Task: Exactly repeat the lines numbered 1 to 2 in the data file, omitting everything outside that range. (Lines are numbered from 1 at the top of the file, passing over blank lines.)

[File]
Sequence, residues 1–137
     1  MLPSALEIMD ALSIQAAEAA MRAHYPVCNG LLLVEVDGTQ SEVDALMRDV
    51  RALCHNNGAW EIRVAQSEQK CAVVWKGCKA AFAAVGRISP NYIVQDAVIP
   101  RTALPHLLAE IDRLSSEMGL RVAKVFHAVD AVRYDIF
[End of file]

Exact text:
Sequence, residues 1–137
     1  MLPSALEIMD ALSIQAAEAA MRAHYPVCNG LLLVEVDGTQ SEVDALMRDV